PUC to hear companies’ plans to pass costs onto customers
SACRAMENTO — The California Public Utilities Commission on Tuesday opened a door that could allow utilities to double the price their customers pay for electricity despite a state-imposed rate freeze.
The commission agreed to hold hearings on a proposal by Pacific Gas and Electric Co. and Southern California Edison to bill customers for the amount they’ve paid for wholesale power in excess of the retail rate they’re allowed to charge under the state’s 1996 deregulation law.
The overages had reached $4 billion by the end of August and are still climbing.
“The utilities are regulated entities, and we set up accounting procedures that may or may not work in today’s energy environment,” Utilities Commission Chairwoman Loretta Lynch said. “It’s up to the regulators to monitor the environment to change rules consistent with changes in circumstances.”
Consumer advocates, however, said the commission is caving in to pressure to make the investor-owned utilities look good on Wall Street. PG&E and Edison soon will file earnings reports and might otherwise have to write off the overages as losses.
“What the PUC is doing is laying the groundwork for raising rates substantially,” said Nettie Hoge, executive director of The Utilities Reform Network. “They’ve caved to the sensation that there’s a financial crisis out there because it has to be done before third-quarter earnings reports come out on Friday.”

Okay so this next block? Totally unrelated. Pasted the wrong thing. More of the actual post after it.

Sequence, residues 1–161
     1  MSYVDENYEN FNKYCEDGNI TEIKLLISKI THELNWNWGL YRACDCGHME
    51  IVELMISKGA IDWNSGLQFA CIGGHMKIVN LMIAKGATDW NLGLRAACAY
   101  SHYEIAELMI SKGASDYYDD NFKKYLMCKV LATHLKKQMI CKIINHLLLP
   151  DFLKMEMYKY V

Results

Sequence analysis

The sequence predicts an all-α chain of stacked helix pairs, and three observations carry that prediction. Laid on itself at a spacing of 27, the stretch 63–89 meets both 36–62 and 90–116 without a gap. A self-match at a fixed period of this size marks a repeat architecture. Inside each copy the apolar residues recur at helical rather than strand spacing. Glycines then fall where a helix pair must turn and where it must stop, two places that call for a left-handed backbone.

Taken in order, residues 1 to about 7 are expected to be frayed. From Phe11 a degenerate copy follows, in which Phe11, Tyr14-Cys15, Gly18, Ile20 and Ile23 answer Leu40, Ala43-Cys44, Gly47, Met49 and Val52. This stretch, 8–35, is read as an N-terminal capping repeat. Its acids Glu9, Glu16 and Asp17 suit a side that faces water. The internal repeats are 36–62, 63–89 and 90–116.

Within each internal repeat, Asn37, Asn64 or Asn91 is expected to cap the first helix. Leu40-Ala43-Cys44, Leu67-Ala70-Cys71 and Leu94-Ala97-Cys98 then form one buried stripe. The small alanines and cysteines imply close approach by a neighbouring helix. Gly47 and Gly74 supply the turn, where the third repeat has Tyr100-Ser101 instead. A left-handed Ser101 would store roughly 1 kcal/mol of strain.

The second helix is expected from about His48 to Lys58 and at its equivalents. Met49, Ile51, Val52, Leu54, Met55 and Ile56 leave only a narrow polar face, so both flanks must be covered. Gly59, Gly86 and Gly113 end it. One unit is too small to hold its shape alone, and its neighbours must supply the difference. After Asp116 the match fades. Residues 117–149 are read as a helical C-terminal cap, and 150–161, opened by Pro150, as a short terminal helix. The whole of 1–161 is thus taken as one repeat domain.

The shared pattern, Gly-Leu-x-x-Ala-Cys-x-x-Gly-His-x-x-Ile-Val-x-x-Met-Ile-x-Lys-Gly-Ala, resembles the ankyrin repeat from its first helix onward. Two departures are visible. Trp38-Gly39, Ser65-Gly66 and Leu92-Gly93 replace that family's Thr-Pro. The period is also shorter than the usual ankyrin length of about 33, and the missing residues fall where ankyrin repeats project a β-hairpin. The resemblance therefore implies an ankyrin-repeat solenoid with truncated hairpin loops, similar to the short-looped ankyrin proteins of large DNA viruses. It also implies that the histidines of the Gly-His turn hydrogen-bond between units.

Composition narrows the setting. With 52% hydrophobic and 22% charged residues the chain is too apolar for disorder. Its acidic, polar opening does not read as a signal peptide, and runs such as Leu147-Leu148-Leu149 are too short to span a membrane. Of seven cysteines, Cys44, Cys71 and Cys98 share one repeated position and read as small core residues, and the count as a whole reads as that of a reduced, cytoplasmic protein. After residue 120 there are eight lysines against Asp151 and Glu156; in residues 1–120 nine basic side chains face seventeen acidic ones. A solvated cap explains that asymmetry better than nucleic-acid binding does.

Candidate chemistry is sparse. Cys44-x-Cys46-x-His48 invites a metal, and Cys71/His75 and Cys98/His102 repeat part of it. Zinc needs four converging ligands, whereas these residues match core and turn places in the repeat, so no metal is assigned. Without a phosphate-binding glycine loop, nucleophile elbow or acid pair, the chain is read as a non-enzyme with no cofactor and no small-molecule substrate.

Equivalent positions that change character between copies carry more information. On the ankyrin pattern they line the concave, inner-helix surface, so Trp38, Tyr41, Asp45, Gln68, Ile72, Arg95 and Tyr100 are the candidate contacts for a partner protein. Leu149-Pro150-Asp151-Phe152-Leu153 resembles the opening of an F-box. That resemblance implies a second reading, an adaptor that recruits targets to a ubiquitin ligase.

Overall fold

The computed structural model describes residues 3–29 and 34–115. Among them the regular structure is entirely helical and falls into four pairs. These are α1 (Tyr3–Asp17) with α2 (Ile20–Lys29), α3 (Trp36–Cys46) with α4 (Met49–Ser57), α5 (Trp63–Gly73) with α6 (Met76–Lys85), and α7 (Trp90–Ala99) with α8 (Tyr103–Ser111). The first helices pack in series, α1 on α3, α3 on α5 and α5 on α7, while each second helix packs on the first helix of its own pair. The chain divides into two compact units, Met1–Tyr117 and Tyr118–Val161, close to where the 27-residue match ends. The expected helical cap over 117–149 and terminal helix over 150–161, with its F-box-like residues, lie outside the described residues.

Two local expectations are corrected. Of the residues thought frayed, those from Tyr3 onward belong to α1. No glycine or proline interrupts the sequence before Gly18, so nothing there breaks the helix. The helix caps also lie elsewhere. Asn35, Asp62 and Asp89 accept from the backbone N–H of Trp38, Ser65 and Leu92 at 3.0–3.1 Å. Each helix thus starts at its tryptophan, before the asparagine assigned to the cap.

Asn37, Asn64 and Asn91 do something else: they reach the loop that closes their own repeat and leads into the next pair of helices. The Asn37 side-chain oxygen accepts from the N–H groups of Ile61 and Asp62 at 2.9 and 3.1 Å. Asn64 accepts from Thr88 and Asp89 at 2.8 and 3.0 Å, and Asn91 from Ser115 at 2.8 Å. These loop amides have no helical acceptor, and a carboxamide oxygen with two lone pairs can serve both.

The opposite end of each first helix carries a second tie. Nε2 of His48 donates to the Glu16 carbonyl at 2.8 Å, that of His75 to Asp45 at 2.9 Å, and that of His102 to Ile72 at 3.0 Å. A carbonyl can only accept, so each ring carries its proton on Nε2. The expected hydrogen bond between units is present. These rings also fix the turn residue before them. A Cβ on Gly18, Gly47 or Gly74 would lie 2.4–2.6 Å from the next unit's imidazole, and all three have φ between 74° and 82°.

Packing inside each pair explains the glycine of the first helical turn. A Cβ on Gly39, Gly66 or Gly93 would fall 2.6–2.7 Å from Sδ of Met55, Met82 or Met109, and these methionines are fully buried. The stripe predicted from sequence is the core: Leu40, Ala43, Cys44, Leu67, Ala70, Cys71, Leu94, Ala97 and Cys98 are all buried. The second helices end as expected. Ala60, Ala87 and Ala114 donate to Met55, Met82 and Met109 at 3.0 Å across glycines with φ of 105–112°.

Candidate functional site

The commission hasn’t decided whether to grant the utilities’ request — only to hear the case, starting with a preliminary hearing next Wednesday in San Francisco. Details on the timing and size of any future rate hike will not be known until the case is settled.
But the commissioners’ decision to consider the matter at least indicates their willingness to reverse previous policy. The commission last year refused a similar request to collect excess costs incurred during the rate freeze, and the utilities were unable to persuade the trial court or the First Court of Appeal to rescind that decision.
The deregulation law, which took effect in 1998, allows PG&E and Edison to charge customers 5.4 cents per kilowatt-hour of electricity. At the time, electricity typically cost about 3 cents per kilowatt-hour on the open market.
The utilities were to use their markup to pay investors back for “stranded assets,” such as power lines and meters in rural areas they were forced to invest in when the state regulated the large monopolies.
The utilities would be free to set their own rates as soon as they sold off all of their stranded assets, or on March 31, 2002, whichever came first.
This past summer, the price of power began to skyrocket, averaging 11 to 18 cents per kilowatt hour.
If PG&E were to pass the true cost along to customers, the typical monthly residential bill of $52 would go up to $104, company spokesman Jon Tremayne said. And that does not include the cost of debt that PG&E says its customers owe for past overages.